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Gonzaga’s Heartbreak Is Possible Only Due to Its Astonishing Success

It’s not cool to knock the Bulldogs anymore

(AP Images/Ringer illustration)
(AP Images/Ringer illustration)

I’ve spent the last few months trying to tell anybody who would listen that this was the best Gonzaga team ever, and perhaps the best team in the country. The Bulldogs had the best defense in the nation, they’d won more games than any previous Gonzaga team; they’d won better games than any previous Gonzaga team; they’d won by more points than any previous Gonzaga team. I heard that I shouldn’t pick the Zags to win the NCAA tournament because the Zags had choked in previous NCAA tournaments; this was an insult to the randomness and stupidity of the NCAA tournaments in which the Zags had lost; it was also an insult to compare those past Gonzaga teams to this Gonzaga team, a transfer-filled behemoth featuring a college All-American in Nigel Williams-Goss, a high school All American in Zach Collins, and an All-Westerosian in Przemek Karnowski.

And they did a pretty damn good job in the title game, which they lost 71–65 to the Tar Heels on Monday. The defense brutalized UNC, forcing a Tar Heels team that doesn’t like to shoot 3s into 27 attempts from beyond the arc, tied for their second-most attempts on the year. (They made four.) Coach Mark Few made a risky decision to put Nigel Williams-Goss on larger UNC star Justin Jackson, but it worked, flustering the Tar Heels’ best player into a 6-of-19 shooting night, 0-of-9 from beyond the arc. The Zags were the fifth team all season to out-rebound the Tar Heels. If you could have told these stats to Gonzaga fans before tipoff, they’d start tearing down Spokane right then.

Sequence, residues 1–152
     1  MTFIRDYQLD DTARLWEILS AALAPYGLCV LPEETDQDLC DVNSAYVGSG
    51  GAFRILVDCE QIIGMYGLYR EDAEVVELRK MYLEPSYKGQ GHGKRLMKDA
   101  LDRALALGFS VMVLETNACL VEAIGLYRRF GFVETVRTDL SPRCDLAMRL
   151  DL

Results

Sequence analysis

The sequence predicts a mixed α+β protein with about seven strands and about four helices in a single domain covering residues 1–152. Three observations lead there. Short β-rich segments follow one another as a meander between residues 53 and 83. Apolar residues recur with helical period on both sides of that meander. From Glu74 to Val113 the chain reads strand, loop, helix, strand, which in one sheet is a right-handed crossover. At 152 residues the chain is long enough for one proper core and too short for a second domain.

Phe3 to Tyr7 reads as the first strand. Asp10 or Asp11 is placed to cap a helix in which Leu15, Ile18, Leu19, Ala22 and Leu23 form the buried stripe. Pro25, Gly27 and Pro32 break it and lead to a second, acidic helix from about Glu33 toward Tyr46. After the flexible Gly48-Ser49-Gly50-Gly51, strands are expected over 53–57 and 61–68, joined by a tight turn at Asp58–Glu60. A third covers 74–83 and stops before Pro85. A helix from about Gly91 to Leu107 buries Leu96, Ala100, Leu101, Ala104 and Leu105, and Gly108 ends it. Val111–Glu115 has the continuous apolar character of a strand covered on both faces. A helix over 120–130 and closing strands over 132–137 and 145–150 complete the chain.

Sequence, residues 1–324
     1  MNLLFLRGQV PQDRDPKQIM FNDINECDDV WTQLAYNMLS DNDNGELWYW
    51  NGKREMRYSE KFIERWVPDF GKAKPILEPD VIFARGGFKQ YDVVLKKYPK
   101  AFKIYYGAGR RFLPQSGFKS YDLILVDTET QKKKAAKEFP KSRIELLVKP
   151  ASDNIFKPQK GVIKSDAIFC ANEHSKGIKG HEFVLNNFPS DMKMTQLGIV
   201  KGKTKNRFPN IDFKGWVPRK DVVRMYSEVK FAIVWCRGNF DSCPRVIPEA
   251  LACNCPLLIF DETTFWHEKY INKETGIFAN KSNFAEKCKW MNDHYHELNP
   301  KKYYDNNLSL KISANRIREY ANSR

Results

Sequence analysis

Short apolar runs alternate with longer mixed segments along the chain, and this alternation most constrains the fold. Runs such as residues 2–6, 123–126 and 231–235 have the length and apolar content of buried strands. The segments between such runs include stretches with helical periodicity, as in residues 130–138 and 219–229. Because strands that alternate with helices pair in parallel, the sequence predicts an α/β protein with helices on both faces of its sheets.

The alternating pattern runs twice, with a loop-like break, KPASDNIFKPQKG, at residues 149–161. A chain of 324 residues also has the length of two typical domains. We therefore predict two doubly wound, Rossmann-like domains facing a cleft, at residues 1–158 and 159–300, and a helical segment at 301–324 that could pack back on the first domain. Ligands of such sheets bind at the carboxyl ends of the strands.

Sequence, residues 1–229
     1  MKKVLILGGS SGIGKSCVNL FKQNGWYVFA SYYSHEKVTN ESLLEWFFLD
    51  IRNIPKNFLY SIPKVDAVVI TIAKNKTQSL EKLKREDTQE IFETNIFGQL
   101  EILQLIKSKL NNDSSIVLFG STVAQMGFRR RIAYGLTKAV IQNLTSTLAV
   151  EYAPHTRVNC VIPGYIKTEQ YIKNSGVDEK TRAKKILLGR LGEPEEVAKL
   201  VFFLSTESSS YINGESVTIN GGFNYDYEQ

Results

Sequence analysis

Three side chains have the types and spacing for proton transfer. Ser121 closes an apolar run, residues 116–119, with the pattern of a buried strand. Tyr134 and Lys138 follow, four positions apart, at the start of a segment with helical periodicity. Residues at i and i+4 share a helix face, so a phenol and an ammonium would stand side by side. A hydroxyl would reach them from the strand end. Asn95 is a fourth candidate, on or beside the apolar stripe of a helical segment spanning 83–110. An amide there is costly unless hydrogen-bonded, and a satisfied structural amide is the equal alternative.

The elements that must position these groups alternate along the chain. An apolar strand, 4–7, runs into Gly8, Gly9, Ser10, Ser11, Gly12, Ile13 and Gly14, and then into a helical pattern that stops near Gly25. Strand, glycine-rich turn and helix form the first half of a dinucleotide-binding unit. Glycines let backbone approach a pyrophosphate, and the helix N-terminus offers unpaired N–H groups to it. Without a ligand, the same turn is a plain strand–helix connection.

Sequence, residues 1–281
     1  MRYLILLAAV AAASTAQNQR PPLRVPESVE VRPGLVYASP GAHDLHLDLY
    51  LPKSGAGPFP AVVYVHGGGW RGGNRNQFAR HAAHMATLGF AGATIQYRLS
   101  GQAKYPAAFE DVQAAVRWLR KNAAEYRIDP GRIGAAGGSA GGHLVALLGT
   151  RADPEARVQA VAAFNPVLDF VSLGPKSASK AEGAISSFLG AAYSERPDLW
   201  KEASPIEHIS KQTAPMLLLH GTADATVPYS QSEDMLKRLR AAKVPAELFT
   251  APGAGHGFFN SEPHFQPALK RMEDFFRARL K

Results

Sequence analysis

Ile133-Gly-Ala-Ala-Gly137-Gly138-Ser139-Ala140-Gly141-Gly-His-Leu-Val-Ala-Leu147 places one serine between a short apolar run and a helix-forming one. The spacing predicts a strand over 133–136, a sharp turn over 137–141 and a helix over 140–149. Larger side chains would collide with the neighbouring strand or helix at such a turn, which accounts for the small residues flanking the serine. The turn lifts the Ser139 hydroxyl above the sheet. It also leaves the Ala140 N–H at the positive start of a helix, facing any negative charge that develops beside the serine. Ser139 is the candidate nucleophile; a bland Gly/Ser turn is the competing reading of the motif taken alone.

But when Gonzaga had the ball, it couldn’t capitalize on the chaos. Williams-Goss, perhaps tired from the strain of guarding Jackson, had one of his worst games of the season, scoring just 15 points on 17 shots. He shot only 4-for-8 from the free throw line, after hitting those shots at nearly a 90 percent rate during the season. The Zags’ strength was their interior play, but Przemek Karnowski went 1-for-8 with four turnovers and Zach Collins picked up his fourth foul early in second half, forcing him to sit for much of the game. He fouled out. The Zags’ best performance of the night came from Josh Perkins, who scored 13 points in the first half — and none in the second. It was the fifth-worst offensive performance of UNC’s season — but Gonzaga’s worst.

In the end, Gonzaga fell six points short of college hoops’ ultimate title. They were down one before a botched call and a late-game scramble went UNC’s way. A few Williams-Goss free throws, one less uncharacteristically poor play from Karnowski, one shot in the second half by Perkins, and Gonzaga could have won.

Even as Gonzaga reached the national championship game, many people had no idea who or what a Gonzaga is. Bloggers could make decent money Monday night just explaining that Gonzaga was a mid-sized Catholic school in Eastern Washington, and there were plenty of people on Twitter who thought the school was called Gorgonzola. That joke was funny the first time I’d ever heard it — at this point, it’s kinda cheesy.

Meanwhile, to college basketball fans, “Gonzaga” has had so many meanings. We came to know the team as a stunning Cinderella when it made the Elite Eight in 1999. Then the Zags succeeded so consistently, with an 18-year-long string of NCAA tournament appearances, that we got used to them as a mid-major powerhouse. But then we got so familiar with them making the tournament that we started criticizing them for not going further in the tournament.